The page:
Researchers Link Coastal Glacier Retreat to Human-Caused Climate Change

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Greenland glacier Eqip Sermia has retreated in the last two decades. Credit: John Erich Christian.

More of the world’s coastal glaciers are melting faster than ever, but exactly what’s triggering the large-scale retreat has been difficult to prove because of natural fluctuations in the glaciers’ surroundings. Researchers at the University of Texas Institute for Geophysics and the Georgia Institute of Technology think they’ve cracked a methodology that determines why coastal glaciers retreat, and in turn, how much can be attributed to human-caused climate change.

So far, scientists have only tested the approach in computer models using simplified glaciers. They found that even modest global warming caused most glaciers to melt. The next step is to simulate the coastal glaciers of a real ice sheet such as Greenland’s, which holds enough ice to raise sea level by about 20 feet.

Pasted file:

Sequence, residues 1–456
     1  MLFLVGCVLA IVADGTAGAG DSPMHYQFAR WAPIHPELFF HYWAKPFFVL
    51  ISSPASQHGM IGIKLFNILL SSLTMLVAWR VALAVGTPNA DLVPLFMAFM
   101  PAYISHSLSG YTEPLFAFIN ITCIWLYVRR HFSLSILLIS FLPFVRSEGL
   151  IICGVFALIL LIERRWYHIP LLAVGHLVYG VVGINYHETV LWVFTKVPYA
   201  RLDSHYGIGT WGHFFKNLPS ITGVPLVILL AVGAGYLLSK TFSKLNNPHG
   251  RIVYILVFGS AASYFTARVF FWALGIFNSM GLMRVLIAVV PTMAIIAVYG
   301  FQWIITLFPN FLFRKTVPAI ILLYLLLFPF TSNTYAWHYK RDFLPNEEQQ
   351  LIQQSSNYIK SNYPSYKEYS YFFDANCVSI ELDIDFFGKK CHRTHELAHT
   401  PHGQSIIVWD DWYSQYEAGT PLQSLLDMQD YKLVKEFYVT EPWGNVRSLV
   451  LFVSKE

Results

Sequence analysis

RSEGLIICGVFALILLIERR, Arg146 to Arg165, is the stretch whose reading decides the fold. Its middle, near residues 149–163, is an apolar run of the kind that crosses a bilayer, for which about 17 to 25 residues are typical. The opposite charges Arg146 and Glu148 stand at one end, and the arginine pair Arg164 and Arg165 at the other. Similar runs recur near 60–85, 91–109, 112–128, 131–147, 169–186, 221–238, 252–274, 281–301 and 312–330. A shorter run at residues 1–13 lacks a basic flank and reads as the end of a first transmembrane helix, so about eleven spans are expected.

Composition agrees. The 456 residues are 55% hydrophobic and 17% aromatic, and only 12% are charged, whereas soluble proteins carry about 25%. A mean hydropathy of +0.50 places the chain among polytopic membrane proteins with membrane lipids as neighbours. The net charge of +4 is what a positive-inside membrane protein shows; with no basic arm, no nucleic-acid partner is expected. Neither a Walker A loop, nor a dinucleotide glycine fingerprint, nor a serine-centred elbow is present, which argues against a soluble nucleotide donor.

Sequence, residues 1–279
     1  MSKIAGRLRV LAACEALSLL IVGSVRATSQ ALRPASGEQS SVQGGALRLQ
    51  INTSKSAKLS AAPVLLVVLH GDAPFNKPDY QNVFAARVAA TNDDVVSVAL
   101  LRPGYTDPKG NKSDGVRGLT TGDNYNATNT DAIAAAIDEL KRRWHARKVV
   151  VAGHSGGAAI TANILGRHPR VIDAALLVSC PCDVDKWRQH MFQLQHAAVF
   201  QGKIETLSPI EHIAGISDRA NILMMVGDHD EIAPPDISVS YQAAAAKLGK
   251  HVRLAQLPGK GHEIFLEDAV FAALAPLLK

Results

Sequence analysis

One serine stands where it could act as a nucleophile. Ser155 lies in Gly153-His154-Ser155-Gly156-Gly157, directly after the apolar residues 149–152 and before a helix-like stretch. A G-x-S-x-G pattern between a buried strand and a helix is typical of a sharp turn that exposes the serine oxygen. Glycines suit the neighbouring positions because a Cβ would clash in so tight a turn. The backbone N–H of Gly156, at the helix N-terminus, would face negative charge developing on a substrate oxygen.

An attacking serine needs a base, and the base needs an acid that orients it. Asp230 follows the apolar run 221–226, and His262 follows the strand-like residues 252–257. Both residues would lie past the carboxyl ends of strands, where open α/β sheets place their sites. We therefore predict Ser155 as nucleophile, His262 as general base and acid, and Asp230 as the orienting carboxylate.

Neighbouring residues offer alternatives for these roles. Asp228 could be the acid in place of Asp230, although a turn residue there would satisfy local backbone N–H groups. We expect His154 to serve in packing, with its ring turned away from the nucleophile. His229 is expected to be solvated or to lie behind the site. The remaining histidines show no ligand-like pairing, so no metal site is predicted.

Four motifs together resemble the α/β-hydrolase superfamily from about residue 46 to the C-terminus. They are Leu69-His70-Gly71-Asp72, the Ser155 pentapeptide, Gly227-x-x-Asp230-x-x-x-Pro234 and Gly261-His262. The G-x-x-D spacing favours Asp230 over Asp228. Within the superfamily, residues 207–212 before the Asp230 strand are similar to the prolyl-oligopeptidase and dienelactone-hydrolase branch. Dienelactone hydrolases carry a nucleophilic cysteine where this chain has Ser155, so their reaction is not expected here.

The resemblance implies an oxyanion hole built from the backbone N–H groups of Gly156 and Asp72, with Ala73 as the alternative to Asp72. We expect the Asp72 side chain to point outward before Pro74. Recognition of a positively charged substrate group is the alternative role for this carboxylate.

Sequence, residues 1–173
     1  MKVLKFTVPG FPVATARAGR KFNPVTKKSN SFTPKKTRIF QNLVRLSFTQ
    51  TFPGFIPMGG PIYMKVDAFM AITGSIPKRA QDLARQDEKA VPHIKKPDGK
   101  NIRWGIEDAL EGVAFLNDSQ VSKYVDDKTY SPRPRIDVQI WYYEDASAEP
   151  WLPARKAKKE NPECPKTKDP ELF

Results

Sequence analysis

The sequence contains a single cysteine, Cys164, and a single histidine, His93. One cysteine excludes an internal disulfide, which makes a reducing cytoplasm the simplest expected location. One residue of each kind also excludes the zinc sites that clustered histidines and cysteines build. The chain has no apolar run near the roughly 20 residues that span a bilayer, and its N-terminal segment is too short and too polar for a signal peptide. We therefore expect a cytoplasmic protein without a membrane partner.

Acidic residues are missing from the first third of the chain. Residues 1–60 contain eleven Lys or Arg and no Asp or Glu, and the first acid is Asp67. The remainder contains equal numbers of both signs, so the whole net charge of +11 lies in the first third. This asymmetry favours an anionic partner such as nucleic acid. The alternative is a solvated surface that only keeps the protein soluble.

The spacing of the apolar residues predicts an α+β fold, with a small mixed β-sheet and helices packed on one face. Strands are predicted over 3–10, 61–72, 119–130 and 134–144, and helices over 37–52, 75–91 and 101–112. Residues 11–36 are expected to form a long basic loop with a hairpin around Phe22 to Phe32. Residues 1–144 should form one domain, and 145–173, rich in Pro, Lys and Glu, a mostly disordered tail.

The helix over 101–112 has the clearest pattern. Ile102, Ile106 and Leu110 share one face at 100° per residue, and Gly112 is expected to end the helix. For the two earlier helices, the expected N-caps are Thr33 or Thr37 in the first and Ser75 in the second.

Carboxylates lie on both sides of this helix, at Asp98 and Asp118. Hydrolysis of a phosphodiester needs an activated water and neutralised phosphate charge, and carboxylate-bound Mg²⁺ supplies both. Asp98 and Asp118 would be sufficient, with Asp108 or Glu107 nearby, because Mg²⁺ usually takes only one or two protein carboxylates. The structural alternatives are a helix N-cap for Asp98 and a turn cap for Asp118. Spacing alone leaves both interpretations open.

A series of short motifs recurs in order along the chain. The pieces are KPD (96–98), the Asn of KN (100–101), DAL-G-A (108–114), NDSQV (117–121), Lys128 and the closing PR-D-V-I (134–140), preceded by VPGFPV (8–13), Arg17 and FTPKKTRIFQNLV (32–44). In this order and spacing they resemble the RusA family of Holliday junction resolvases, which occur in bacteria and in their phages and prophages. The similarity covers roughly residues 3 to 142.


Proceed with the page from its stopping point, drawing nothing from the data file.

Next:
Published in July 2022 in the journal The Cryosphere, the methodology is unique because it treats rapid glacier retreat as an individual probabilistic event, like a wildfire or tropical storm. The probability of a large retreat happening varies depending on the glacier’s stability threshold (usually a steep rise in the bedrock that slows its flow), climate and ocean fluctuations, and human-caused warming. Even small variations can cause large changes in a glacier’s behavior, making them hard to predict.

The new methodology accounts for those variations while testing the effect of background trends such as global warming. Co-author and Jackson School of Geosciences Professor Ginny Catania said that means they can now attribute mass coastal glacier retreat to climate change and not just natural variability.

“And that’s the first time anyone’s done that,” she said. The team ran thousands of simulations of the past 150 years with and without global warming. The simulations showed that even modest warming dramatically increased the probability of ice sheet-wide glacier retreat.

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